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Washington Firewood Business a Family Affair
Washington Firewood Business Relies on Rainier Hydraulics, Twister Industries
By Donna Gordon Blankinship
Date Posted: 1/1/2006
WINTHROP, Washington — When Ellis Fink started his firewood business, he had a chain saw, a couple of workhorses named Salt and Pepper, and not much more.
In 2000, the U.S. Forest Service employee who lives in Winthrop, Wash., was looking for a way to make a little extra cash, stay active in the outdoors and teach his three boys the value of hard work. His weekend and evening business, called The Workhorse Company, has steadily grown since then, mostly thanks to the equipment he has purchased over the years.
Like many small business owners, Ellis, 47, said he would make one major change if given a chance to start all over again.
“The best advice would be to just bite the bullet and start off automated,” said Ellis, who lives in rural Washington state in an area that attracts tourists in the summer but is barely accessible during the snowy winter. “For me it was very frustrating, trying to do all that work by hand before picking up the firewood processor and conveyor, and trying to bundle wood without a machine.”
Ellis was born and raised in Winthrop, which is considered the gateway to the North Cascades. It is located in a very scenic region that used to be home to a large number of logging companies but whose numbers have dwindled significantly.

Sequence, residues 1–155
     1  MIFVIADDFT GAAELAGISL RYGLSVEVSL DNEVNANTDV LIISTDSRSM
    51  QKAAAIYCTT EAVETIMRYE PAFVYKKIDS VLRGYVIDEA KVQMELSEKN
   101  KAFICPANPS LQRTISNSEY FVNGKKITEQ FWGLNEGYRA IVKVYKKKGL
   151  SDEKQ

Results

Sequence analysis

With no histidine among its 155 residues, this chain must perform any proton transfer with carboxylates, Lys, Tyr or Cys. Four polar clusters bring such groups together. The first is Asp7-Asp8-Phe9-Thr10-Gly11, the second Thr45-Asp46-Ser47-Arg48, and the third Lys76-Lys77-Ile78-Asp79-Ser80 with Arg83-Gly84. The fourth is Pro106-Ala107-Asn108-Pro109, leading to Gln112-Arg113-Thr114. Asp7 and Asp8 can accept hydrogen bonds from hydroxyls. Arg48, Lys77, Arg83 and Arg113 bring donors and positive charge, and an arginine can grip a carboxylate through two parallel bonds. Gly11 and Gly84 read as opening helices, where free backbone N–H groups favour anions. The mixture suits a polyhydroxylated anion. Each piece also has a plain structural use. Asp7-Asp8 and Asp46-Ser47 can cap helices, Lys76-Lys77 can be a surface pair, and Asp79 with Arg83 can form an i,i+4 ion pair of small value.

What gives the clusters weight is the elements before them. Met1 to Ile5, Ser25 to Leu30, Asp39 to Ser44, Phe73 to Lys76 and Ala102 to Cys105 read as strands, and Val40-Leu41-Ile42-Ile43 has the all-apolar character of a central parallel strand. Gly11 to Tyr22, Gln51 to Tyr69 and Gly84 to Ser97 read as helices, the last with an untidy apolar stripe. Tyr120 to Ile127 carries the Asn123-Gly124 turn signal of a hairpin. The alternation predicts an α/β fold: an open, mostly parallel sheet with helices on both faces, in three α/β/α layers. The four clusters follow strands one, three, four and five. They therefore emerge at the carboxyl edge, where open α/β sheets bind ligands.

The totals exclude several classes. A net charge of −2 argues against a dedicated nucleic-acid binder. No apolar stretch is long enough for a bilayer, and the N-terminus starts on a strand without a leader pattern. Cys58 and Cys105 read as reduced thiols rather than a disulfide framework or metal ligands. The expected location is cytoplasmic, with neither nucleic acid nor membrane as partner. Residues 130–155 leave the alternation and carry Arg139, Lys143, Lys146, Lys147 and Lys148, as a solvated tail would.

He started out cutting firewood as more of a hobby than as business. In fact, he gave firewood away to elderly neighbors who could no longer cut and split their own wood. He didn’t sell very much until the market started to grow, and he realized he could build his business part-time for now and possibly reach a point later where he could do it full-time.
Before automating his operations, Ellis was producing about 40 cords of wood each fall. With a Rainier Hydraulics firewood processor and conveyor and a Twister Industries bundling machine, he easily tripled his production while continuing to work the same number of hours. And he still has only three ‘employees’ — his three sons ages 7, 9 and 14.